This is the most common type of Gaucher disease and although it was sometimes known as ‘adult Gaucher disease’ it can affect people of all ages. When people look back they often remember that their first typical Gaucher symptoms started when they were children but they were not diagnosed at the time.
It is also called ‘non-neuronopathic Gaucher disease’ as it does not affect the brain.
Type 1 disease can affect every individual differently. Some people have symptoms from an early age that get worse very quickly, whereas others may not notice any problems until they become adults. There are even some people that have a faulty GBA gene but do not have any noticeable health problems.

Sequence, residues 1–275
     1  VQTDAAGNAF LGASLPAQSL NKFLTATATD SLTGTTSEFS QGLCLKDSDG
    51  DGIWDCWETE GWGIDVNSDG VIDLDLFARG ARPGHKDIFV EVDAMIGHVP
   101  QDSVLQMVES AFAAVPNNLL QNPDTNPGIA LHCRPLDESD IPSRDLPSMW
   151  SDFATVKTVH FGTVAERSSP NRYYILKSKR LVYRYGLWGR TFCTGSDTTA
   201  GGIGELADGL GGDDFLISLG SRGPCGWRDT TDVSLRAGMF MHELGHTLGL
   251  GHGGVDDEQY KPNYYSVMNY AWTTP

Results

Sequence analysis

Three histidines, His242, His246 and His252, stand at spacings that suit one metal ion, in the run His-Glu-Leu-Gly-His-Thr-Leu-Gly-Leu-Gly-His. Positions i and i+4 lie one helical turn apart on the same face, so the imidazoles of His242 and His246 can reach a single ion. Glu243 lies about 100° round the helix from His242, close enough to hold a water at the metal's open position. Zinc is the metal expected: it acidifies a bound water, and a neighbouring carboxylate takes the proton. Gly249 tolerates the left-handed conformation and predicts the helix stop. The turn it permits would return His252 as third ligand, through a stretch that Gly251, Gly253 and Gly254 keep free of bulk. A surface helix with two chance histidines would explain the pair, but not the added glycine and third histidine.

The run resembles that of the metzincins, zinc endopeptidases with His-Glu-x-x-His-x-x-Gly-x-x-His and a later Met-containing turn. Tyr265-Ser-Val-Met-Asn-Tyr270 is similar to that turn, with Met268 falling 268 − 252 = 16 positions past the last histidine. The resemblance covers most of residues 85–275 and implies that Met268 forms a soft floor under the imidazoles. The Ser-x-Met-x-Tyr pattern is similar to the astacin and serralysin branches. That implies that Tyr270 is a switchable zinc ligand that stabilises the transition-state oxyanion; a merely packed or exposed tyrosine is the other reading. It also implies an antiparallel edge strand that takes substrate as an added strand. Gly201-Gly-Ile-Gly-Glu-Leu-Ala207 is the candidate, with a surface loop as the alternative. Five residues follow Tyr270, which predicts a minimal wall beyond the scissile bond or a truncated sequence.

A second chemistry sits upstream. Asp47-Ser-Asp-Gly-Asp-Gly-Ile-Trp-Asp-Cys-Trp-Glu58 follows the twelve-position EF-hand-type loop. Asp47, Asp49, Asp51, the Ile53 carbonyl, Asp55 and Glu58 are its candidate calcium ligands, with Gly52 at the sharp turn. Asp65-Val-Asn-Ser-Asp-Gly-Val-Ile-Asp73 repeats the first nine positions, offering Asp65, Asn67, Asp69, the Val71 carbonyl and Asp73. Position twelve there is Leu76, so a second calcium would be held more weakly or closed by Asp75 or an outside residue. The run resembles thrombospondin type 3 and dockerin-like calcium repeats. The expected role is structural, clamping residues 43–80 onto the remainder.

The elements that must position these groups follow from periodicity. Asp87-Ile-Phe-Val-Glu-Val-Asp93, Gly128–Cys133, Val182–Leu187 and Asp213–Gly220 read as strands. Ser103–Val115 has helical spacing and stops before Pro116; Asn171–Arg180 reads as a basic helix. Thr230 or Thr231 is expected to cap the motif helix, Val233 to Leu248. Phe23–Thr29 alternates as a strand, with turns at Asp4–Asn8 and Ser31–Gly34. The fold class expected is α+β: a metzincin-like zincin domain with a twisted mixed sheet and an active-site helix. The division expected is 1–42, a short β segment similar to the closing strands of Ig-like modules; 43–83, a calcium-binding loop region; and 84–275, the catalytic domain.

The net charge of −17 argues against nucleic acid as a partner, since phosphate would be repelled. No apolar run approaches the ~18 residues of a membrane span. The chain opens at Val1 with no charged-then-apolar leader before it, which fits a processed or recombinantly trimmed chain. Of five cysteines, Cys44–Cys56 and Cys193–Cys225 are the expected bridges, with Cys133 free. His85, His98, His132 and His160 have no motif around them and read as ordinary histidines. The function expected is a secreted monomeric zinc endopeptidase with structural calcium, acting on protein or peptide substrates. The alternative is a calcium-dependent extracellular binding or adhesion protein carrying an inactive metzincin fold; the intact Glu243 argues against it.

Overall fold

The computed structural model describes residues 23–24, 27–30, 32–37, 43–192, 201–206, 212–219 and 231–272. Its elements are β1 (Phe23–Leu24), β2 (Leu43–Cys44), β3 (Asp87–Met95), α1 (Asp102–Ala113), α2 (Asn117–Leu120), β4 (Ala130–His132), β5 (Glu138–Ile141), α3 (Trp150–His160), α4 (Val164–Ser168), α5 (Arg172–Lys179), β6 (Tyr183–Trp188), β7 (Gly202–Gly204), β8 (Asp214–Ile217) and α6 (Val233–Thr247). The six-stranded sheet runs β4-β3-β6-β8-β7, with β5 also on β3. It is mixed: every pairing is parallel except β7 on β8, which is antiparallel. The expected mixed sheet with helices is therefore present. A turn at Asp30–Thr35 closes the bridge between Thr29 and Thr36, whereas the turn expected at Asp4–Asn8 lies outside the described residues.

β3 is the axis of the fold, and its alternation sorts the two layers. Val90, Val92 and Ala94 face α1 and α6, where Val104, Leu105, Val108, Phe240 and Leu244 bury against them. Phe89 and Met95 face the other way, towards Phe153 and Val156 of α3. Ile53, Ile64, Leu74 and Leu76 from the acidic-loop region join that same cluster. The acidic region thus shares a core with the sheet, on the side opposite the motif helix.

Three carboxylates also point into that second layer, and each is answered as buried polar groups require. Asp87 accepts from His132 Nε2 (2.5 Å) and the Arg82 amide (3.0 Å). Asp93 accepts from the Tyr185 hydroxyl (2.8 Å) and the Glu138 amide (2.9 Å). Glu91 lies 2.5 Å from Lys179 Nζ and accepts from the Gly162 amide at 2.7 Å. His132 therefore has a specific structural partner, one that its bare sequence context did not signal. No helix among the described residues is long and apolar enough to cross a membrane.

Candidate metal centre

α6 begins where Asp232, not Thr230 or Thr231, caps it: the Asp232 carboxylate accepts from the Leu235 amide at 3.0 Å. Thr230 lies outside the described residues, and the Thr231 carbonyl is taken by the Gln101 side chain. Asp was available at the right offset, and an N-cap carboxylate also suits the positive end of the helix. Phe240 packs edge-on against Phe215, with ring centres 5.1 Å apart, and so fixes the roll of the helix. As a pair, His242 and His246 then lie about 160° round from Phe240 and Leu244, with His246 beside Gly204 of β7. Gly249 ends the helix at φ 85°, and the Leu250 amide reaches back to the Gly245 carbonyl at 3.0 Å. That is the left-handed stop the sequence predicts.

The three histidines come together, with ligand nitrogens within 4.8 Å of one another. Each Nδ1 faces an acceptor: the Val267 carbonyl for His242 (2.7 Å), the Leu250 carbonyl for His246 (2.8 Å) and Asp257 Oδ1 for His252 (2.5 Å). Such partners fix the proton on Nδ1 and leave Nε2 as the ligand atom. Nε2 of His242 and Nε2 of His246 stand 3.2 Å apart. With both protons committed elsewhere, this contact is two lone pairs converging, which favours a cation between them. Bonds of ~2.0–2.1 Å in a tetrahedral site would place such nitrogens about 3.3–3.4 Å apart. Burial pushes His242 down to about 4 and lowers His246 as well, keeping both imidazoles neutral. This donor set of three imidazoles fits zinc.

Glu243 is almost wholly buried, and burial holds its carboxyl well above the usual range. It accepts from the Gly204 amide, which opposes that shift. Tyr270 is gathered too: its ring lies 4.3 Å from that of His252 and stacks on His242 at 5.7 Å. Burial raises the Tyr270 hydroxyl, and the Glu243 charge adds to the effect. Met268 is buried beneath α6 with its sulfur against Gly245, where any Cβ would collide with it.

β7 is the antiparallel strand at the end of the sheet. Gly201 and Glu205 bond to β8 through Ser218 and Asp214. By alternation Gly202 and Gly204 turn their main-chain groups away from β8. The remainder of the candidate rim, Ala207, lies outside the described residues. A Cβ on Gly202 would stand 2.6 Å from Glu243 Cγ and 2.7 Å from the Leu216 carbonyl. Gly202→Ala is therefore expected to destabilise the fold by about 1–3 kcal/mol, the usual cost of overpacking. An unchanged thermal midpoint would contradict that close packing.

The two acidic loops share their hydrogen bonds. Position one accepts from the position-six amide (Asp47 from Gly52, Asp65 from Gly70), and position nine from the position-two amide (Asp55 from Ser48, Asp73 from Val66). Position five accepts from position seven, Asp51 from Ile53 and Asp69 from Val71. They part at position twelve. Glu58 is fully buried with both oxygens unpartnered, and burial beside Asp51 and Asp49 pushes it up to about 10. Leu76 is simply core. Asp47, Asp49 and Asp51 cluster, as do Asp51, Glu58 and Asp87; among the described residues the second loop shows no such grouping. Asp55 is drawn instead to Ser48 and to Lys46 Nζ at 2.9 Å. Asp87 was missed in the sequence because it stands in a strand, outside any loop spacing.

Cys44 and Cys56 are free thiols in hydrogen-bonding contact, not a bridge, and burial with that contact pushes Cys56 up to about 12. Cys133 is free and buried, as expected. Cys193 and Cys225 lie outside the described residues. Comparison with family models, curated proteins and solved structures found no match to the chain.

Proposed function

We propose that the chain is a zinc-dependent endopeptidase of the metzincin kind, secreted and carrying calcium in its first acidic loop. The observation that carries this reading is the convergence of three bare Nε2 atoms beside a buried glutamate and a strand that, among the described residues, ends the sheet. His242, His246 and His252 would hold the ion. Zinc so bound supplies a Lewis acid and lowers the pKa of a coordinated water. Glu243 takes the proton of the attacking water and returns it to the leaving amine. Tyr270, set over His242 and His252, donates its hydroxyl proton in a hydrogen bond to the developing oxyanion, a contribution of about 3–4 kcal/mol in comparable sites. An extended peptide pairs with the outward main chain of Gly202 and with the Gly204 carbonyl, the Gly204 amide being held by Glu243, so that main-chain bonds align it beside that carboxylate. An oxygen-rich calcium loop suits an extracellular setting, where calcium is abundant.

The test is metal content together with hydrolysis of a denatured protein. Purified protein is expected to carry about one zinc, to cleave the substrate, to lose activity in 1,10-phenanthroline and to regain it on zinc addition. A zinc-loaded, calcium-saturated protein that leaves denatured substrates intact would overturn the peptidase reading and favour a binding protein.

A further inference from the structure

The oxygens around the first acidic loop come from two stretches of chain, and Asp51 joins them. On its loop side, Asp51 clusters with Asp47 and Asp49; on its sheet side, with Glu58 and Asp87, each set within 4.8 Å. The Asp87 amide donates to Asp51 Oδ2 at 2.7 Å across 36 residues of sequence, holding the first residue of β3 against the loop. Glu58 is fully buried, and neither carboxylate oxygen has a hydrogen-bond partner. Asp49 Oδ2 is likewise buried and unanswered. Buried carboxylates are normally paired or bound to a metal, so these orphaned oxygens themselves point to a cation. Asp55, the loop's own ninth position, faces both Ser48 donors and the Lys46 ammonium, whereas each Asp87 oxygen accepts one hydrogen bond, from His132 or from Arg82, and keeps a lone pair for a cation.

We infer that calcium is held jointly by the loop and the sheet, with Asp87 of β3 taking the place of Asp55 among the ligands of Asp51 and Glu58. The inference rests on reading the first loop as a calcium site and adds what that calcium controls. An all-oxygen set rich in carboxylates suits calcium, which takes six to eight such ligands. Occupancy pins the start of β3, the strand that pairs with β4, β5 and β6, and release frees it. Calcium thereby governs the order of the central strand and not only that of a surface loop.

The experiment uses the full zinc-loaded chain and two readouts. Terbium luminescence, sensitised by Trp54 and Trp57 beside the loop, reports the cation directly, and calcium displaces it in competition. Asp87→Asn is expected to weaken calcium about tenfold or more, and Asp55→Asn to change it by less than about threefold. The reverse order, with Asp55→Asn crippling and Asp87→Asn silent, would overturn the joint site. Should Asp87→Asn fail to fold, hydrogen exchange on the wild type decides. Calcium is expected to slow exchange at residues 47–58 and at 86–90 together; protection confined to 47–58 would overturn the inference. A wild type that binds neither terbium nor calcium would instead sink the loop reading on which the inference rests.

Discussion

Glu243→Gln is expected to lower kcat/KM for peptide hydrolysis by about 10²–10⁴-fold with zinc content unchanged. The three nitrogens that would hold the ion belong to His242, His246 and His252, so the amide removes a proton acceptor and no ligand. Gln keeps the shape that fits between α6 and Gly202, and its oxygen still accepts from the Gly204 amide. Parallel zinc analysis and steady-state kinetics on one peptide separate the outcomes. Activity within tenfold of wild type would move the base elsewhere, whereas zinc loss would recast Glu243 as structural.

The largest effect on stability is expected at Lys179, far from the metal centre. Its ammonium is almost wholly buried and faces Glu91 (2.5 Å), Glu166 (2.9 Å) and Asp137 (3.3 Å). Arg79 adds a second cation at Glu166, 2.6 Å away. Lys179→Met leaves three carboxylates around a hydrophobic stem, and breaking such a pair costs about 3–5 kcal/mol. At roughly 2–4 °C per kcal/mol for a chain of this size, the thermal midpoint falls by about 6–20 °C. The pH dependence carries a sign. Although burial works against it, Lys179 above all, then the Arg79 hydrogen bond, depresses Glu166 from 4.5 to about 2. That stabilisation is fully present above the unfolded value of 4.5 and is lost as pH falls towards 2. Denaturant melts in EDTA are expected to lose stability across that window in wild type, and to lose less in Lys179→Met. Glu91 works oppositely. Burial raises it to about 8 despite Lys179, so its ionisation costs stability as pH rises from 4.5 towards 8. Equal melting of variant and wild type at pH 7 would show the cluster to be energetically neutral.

The most common sign is a swollen spleen and this can be followed by bone disease and a range of other problems including tiredness, bleeding and bruising and lung disease. Life expectancy has been reported to be reduced by approximately 9 years versus a general population. Nevertheless, people with type 1 Gaucher disease can have a normal life span although they may need lifelong medical support.